OF JUDGMENT: 04/24/2017
COUNTY CIRCUIT COURT, SECOND JUDICIAL DISTRICT, HON. DAL
WILLIAMSON TRIAL JUDGE.
ATTORNEY FOR APPELLANT: KHLOE CONNER (PRO SE)
ATTORNEY FOR APPELLEE: ALBERT B. WHITE
IRVING, P.J., GREENLEE AND WESTBROOKS, JJ.
The Mississippi Department of Employment Security's Board
of Review (Board) affirmed the denial of unemployment
benefits following Khloe Conner's termination from Dollar
General. Conner appealed to the Circuit Court of the Second
Judicial District of Jones County, which affirmed the
Board's decision. Finding no error, we affirm the circuit
AND PROCEDURAL HISTORY
On May 15, 2015, Conner began working at Dollar General as a
lead sales associate. On September 30, 2016, Conner was
terminated, in accordance with the company's
workplace-violence policy, because she engaged in a physical
altercation with a customer, during which she cut the
customer with a box-cutter.
After her termination, Conner sought unemployment benefits,
and a claims examiner investigated the reasons for her
termination. Ultimately, the claims examiner denied Conner
unemployment benefits finding that Conner was discharged from
work for misconduct connected with her employment and was
therefore disqualified from receiving benefits. Conner
appealed the denial of her claim to an administrative-law
judge (ALJ), who conducted a telephonic hearing.
During the hearing on Conner's appeal, Curtis Swires, the
Dollar General store manager, testified that Conner was
discharged from her job as a lead sales associate because she
violated Dollar General's workplace-violence policy. He
testified that Conner was aware of this policy and explained
the policy indicated that Dollar General would not ignore,
condone, or tolerate any disruptive, threatening, or violent
behavior by any Dollar General employee, and such behavior
could lead to termination.
Swires testified that on the day of the incident, Conner and
a customer got into a verbal altercation after the customer
asked for one of her items to be bagged. Following the verbal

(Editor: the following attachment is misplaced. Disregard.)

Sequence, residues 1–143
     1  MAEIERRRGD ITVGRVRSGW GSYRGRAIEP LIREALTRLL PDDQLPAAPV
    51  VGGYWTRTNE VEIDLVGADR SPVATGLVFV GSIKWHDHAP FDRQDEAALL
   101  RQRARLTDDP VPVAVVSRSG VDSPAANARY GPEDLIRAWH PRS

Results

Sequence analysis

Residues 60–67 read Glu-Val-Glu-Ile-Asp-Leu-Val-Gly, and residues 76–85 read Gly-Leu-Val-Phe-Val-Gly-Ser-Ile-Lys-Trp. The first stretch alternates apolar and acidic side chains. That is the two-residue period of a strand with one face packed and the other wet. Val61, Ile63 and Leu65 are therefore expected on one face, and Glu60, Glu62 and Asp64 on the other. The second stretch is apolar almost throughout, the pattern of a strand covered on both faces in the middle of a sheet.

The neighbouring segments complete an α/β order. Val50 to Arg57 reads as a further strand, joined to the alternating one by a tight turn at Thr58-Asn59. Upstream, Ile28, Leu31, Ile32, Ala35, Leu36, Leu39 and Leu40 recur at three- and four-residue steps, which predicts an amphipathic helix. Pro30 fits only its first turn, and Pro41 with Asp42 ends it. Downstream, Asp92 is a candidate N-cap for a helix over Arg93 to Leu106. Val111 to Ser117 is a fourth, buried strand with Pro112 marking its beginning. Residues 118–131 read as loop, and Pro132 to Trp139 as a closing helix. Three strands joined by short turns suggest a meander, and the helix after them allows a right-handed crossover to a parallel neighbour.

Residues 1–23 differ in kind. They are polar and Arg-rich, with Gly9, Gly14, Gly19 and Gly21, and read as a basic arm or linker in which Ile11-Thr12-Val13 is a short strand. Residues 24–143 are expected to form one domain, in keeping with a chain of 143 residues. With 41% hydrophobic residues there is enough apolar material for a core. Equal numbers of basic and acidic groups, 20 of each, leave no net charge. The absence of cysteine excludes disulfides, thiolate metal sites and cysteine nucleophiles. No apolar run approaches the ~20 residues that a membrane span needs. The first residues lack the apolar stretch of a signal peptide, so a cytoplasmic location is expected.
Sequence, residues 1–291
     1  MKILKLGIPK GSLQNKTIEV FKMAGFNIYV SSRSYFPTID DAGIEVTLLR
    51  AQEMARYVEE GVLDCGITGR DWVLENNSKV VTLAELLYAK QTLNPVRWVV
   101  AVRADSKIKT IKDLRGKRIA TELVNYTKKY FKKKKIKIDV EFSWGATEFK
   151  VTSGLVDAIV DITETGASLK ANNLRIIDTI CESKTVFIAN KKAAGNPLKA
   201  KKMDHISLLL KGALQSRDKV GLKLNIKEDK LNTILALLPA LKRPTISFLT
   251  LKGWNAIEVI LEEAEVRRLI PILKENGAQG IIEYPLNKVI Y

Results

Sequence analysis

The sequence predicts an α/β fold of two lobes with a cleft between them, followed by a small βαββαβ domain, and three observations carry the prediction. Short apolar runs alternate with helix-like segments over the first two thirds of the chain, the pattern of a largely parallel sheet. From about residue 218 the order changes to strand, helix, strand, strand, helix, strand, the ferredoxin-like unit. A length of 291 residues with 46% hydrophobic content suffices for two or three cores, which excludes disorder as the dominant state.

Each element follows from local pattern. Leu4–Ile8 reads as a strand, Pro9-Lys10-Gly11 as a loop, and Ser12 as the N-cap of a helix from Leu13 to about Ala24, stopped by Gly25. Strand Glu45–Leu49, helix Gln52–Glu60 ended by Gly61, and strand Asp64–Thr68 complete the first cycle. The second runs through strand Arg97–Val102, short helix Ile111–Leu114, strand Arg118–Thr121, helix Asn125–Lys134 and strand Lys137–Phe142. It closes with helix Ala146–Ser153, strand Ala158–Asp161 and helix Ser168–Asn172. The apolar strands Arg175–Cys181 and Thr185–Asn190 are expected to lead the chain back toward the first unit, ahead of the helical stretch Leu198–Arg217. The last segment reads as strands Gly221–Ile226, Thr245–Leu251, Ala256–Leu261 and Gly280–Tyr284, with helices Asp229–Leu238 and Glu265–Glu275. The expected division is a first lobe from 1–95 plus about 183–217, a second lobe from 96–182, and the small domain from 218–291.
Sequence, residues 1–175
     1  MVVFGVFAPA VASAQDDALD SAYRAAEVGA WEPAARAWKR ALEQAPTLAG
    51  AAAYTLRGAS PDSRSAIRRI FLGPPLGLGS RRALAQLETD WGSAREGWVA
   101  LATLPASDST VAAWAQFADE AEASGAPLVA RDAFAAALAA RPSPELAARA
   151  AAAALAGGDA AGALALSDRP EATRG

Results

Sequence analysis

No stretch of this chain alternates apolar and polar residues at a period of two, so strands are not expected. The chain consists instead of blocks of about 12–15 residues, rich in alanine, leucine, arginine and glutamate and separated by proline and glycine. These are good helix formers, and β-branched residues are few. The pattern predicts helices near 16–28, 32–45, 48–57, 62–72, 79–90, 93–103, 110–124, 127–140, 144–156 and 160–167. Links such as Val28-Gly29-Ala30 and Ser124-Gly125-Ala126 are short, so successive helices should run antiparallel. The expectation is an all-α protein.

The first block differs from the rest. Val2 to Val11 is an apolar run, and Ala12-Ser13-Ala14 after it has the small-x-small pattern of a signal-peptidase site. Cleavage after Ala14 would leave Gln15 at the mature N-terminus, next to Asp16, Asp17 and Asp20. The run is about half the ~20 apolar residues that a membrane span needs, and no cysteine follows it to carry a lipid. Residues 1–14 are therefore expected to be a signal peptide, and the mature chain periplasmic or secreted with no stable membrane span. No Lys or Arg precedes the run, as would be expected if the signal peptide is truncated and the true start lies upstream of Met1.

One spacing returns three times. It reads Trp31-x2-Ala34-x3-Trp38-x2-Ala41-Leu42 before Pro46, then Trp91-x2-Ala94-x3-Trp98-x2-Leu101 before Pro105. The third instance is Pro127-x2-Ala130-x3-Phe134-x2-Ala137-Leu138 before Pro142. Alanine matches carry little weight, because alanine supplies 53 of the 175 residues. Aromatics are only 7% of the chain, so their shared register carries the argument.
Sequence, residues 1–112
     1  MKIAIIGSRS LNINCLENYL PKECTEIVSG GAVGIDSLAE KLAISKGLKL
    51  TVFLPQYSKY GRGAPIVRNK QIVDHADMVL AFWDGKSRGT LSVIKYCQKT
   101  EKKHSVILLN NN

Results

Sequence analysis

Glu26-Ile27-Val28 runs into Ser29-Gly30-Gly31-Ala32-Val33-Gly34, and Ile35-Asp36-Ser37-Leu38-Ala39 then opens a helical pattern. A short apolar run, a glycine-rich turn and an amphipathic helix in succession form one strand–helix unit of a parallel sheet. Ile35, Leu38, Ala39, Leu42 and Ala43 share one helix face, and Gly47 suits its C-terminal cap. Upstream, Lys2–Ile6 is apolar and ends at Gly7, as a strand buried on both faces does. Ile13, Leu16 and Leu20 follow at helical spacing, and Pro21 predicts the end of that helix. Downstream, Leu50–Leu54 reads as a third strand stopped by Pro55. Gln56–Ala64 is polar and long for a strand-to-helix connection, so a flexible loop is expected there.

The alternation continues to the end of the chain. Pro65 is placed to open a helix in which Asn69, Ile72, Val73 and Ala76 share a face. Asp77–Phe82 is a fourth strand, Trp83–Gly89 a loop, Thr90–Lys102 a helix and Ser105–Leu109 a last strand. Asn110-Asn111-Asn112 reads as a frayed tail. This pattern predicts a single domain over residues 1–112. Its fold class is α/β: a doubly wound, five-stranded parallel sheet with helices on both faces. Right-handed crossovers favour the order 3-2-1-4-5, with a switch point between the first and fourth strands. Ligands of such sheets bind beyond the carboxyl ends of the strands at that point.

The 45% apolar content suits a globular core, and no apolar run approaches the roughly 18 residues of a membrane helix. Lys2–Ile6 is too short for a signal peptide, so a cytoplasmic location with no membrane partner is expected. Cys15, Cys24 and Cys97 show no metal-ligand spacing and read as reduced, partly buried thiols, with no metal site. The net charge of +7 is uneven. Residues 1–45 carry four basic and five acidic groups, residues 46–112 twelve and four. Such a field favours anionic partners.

altercation, Swires testified that the customer told Conner
she would be waiting on her outside and that Conner replied,
"You don't have to. I'm on break. I will be
right outside." Swires testified that he ordered Conner
not to immediately go outside but wait five minutes for the
customer to leave. However, Swires claimed that she ignored
his order, and she waited only a minute and a half before
going outside. Swires testified that about thirty seconds
after Conner went outside he heard a "commotion"
and went outside to investigate. Once outside, Swires claimed
he witnessed Conner swinging at the customer and observed the
customer bleeding from several areas of her body. The
customer advised Swires that Conner had cut her with a
Next, Conner testified on her own behalf. She admitted that
she had a verbal altercation with a customer, but denied that
Swires told her to wait five minutes before going outside.
She also testified that she went outside not knowing the
customer was waiting on her and was attacked. She testified
that she acted in self-defense and felt there was no other
alternative to escape, so she picked up a box-cutter that was
in her possession and cut the customer several times.
After concluding the hearing, the ALJ affirmed the claims
examiner's denial of benefits, finding that Conner's
conduct violated Dollar General's workplace-violence
policy and rose to the level of misconduct. Conner, still
aggrieved, sought review from the ...